Preserving an exhaustive log of one’s exercise routines (encompassing magnitude of difficulty/mass, duration, and amount of sets/repetitions etc.) facilitates a comparison between present and preceding results. Athletes have the option of logging data on their sleep, nutritional intake, pain, health problems, and other metrics if they wish.

Technologies, ranging from applications and smartwatches to tracking programs, as well as simpler options like pen-and-paper journals all prove effective. People taking part should choose whatever approach is most likely for them to stick to.

Performance Assessments

Carrying out evaluations regularly can offer a useful starting point to make comparisons. When first interacting with a client, this is a practice that professional exercise coaches carry out and then continue to do consistently afterwards. It is best to measure cardiovascular health, strength, and stamina.

Measuring the amount of time it takes to do a one-mile run or noting the amount of pushups that can be done correctly before form begins to falter are examples of uncomplicated assessments (NASM, n.d.). (Find additional performance assessments here.)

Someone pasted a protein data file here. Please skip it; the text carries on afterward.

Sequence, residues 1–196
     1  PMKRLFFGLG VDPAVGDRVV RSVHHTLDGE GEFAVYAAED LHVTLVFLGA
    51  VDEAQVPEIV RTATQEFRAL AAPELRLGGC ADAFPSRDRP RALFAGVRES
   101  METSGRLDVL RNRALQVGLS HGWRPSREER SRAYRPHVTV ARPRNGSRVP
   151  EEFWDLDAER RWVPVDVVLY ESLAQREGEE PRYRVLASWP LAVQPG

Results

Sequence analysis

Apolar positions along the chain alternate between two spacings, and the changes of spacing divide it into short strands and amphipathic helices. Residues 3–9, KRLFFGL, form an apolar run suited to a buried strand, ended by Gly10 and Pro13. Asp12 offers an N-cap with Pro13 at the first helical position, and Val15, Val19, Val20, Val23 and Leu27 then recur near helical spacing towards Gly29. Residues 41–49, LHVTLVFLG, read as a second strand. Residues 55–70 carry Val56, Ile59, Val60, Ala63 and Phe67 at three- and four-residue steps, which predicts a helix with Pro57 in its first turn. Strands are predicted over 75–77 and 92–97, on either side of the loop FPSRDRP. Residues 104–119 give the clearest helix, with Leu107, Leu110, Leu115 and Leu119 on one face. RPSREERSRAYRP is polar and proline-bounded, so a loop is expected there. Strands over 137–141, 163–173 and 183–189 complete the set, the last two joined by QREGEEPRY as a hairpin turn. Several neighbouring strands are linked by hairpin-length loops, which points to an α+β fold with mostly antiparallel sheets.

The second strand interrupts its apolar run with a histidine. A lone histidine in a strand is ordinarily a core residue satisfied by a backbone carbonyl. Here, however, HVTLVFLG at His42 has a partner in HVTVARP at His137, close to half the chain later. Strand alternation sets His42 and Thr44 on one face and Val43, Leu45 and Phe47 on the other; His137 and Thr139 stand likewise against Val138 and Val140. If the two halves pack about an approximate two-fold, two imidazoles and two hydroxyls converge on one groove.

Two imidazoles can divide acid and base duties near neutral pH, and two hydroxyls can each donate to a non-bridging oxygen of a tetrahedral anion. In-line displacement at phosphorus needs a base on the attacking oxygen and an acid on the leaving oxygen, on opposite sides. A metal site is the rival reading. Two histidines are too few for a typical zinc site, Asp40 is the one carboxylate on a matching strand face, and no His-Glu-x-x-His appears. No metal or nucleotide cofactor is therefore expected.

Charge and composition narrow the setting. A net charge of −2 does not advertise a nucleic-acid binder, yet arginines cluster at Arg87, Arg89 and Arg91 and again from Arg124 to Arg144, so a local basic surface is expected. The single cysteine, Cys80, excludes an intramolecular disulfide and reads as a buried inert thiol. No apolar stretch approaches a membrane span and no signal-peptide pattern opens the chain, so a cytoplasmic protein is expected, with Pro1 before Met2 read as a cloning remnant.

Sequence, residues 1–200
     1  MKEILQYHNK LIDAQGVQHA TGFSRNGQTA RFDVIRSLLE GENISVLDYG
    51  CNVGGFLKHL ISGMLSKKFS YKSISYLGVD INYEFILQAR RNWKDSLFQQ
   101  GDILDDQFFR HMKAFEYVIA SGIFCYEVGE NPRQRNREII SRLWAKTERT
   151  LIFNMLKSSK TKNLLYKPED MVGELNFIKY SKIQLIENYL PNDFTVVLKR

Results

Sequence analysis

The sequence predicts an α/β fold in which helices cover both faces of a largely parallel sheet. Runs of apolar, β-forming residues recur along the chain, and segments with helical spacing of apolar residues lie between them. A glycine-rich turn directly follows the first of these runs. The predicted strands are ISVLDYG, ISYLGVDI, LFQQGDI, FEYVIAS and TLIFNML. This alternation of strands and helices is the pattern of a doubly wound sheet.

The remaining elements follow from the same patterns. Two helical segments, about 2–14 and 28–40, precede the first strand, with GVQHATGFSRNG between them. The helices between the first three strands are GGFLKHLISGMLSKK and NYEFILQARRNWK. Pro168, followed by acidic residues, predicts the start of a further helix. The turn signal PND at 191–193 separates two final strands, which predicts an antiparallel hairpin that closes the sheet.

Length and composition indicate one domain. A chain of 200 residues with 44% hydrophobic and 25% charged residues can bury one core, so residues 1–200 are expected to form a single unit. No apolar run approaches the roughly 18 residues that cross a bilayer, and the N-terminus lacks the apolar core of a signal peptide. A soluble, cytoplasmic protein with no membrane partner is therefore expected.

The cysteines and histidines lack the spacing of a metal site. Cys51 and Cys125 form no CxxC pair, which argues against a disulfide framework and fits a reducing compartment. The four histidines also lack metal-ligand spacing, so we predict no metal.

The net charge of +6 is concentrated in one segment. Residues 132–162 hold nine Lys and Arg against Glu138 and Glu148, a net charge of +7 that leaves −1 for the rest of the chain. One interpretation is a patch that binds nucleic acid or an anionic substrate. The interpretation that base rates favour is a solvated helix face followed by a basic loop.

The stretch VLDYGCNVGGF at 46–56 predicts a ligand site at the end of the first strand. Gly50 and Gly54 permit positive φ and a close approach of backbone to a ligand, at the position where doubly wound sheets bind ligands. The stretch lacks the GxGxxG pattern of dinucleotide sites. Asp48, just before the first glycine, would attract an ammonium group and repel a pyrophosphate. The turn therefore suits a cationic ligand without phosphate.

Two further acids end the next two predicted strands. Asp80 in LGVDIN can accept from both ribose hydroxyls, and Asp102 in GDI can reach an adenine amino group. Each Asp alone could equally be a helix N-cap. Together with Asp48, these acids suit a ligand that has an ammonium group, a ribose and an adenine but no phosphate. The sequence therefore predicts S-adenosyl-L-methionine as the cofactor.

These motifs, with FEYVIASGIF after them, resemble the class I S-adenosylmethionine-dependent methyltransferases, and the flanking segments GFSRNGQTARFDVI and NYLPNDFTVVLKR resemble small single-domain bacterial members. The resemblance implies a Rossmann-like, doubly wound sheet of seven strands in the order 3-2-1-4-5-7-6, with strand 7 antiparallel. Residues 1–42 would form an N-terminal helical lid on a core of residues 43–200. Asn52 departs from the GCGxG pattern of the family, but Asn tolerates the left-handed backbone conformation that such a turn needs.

By clicking the related links, you can get information regarding the primary fitness consultations and motion analyses.

Ratings of Perceived Assertion

The rating of perceived exertion links specific images of effort to numerical points on a range of 1 to 10 (or 1 to 20). Exercisers can incorporate this into any type of routine. The number selected should be indicative of how the individual is feeling in general. Making a note of these findings can help you identify any modifications in the amount of effort felt that can possibly be caused by overtraining.

Heart Rate and Blood Pressure

The heart rate of people who are in good physical condition generally tends to be lower; however, it is likely to increase if an athlete is pushing themselves too hard.

Many fitness watches enable you to keep track of your pulse effortlessly as they automatically monitor it, and it is also just as simple to determine your RHR manually with a pulse check at your wrist. It is recommended to measure your beats per minute before getting up in the morning by counting your beats for 10 seconds and multiplying by 6.

Training excessively can result in increased resting blood pressure which can be monitored at home. A healthcare professional can provide an individual with a reliable brand of monitor and inform them of optimal targets that are unique for each person (Sutton, 2022).